by Brighten Godfrey
At the ONUG Fall 2016 conference in New York, one theme struck me: the community realized more than ever the need for advanced analytics and verification. A poll of IT users at the event, for example, highlighted that the siloed nature of current monitoring solutions prevents them from understanding the entire network, end-to-end.
Understanding how components interact is especially important as the layers of complexity pile up in network infrastructure. The scale of networks is growing, and modern enterprises are quite diverse, with dozens of vendors and models of routers, switches, firewalls, and other devices. Traditional gear is now augmented with hybrid cloud, software-defined data center overlay networks, SD-WAN, and more, each with disparate methods and data formats for configuration, monitoring, and troubleshooting. Because all this complexity exceeds what any human can confidently understand, it presents a barrier to agility. Changes rely heavily on manual procedures for implementing and validating correctness, so any change might lead to an unintended outage or vulnerability.
The ONUG Monitoring and Analytics Working Group has been studying how to tackle this challenge. The first step is to promote open formats for exchanging information about the network – including not only traffic monitoring, but also device state information (forwarding tables, interface states, device CPU usage, and so on). Providing awareness of the reality of the network, in a way that’s normalized across all kinds of infrastructure and vendors – on-premises and in the cloud – is key to breaking out of the siloed world into network-wide understanding. And it enables an ecosystem where advanced analytics that consume the data can flourish.
A great example of the opportunity and pressing need in analytics and verification of the network is in the work of another ONUG effort, the Software-Defined Security Services Working Group. Based on IT users’ votes, the group identified the three top needs for software-defined security services. One of those key requirements is verification: essentially, the ability to prove that the network’s confidentiality, integrity, and availability policies are actually realized. Such verification is particularly difficult because the new reality is that the threat landscape spans hybrid cloud, virtual overlay and physical underlays, containers, VMs, and multi-vendor products. In fact, new technology like SDN overlays and hybrid cloud have in some ways actually made the network more opaque and increased risk. It can be difficult to correlate the overlay with the underlay, and network automation will amplify any mistakes that do occur – as exemplified by Amazon’s recent outage where a typo impacted many web sites. The result is high complexity, poor visibility, and a lack of auditability – yet in this environment, enterprises need to assure more than ever that segmentation and micro-segmentation policies are correctly realized.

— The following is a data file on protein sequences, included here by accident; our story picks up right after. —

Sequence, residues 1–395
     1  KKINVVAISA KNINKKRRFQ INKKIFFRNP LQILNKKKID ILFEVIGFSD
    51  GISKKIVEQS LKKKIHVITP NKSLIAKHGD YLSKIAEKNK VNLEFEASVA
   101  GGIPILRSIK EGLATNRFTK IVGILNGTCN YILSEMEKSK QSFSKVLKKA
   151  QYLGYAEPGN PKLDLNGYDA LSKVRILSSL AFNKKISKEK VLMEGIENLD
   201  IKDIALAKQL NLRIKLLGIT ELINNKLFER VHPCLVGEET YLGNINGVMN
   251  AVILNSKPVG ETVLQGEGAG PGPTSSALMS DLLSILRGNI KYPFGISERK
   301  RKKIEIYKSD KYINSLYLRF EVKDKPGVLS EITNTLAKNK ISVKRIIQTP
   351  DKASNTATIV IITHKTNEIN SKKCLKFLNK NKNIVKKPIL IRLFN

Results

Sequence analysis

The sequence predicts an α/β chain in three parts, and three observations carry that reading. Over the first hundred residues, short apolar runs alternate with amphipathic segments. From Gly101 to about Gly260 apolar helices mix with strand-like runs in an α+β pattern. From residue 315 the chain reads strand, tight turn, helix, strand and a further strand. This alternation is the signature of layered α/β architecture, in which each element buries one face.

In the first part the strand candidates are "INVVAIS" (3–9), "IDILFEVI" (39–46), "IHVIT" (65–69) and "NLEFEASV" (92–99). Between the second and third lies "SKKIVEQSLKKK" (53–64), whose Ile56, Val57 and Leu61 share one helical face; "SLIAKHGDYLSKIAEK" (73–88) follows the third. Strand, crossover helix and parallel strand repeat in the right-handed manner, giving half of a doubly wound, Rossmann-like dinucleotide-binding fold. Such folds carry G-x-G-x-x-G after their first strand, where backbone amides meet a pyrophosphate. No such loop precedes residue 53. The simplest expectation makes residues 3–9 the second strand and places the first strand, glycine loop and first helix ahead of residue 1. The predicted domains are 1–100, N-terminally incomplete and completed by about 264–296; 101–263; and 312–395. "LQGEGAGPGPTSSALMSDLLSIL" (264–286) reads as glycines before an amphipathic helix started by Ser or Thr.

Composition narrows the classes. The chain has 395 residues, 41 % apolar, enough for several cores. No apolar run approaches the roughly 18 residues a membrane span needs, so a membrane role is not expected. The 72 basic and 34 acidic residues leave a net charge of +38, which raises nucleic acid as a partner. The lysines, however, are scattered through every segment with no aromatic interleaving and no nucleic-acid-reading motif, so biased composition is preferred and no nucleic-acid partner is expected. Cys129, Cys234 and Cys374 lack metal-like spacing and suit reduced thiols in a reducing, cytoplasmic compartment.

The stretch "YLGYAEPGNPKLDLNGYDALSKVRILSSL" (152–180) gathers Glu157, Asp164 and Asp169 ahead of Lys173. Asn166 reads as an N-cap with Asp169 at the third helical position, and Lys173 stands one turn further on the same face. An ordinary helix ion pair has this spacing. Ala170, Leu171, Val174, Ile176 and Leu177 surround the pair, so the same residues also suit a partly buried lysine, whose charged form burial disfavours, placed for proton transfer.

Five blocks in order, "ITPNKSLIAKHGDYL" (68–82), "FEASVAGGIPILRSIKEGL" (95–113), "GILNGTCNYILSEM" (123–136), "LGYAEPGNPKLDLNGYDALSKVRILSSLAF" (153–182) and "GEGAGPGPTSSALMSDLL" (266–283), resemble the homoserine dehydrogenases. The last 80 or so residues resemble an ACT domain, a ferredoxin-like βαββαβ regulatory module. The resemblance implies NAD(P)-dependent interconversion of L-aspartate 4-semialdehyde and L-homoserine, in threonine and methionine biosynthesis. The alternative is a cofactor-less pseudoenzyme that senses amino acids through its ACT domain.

What’s exciting is that novel technology is rising to meet this vision. Continuous network verification, for example, builds a network-wide, vendor-independent model of the real network, and mathematically verifies that the reality of the network matches the business intent. This new way of analyzing the network predictively (without taking a wait-and-see approach) reduces the risk of outages, accelerates incident response, and rigorously assures security.
The industry has made great advances in agile control of the network, through technology like software-defined data centers and cloud. But if we automate control, we need to automate the whole “control loop” – both implementation and verification – particularly in the complex brownfield environments that are the reality. Closing that loop with next-generation analytics lets us take a leap towards secure, resilient networks focused on achieving the network-wide intent.
Dr. Godfrey has conducted research in networked systems and algorithms for more than a decade, and is a co-inventor of key technology in use at Veriflow. His work has developed novel architectures and systems for Internet routing, data center networking, high performance data transport, and network data plane verification, as well as advancing theoretical analysis of network algorithms. He has co-authored over 50 scientific publications, and several of these technologies have been deployed by hyperscale cloud computing providers.
In 2015, Dr. Godfrey received the ACM SIGCOMM Rising Star Award in recognition of outstanding research contributions, including contributions to network verification. Only one individual worldwide is selected for this prestigious award each year. Dr. Godfrey was awarded the Alfred P. Sloan Research Fellowship in 2014, and has also received the UIUC Dean’s Award for Excellence in Research, the National Science Foundation CAREER Award, and the Internet2 Innovative Application Award, in addition to several best paper awards. He was a Beckman Fellow at the UIUC Center for Advanced Study in 2014-2015, and has served as program committee chair of several academic conferences. Dr. Godfrey continues to advise young researchers in his role as Associate Professor of Computer Science at the University of Illinois at Urbana-Champaign, and is co-instructor of a popular Coursera course, “Cloud Networking”.
He holds a Ph.D. in Computer Science from the University of California, Berkeley.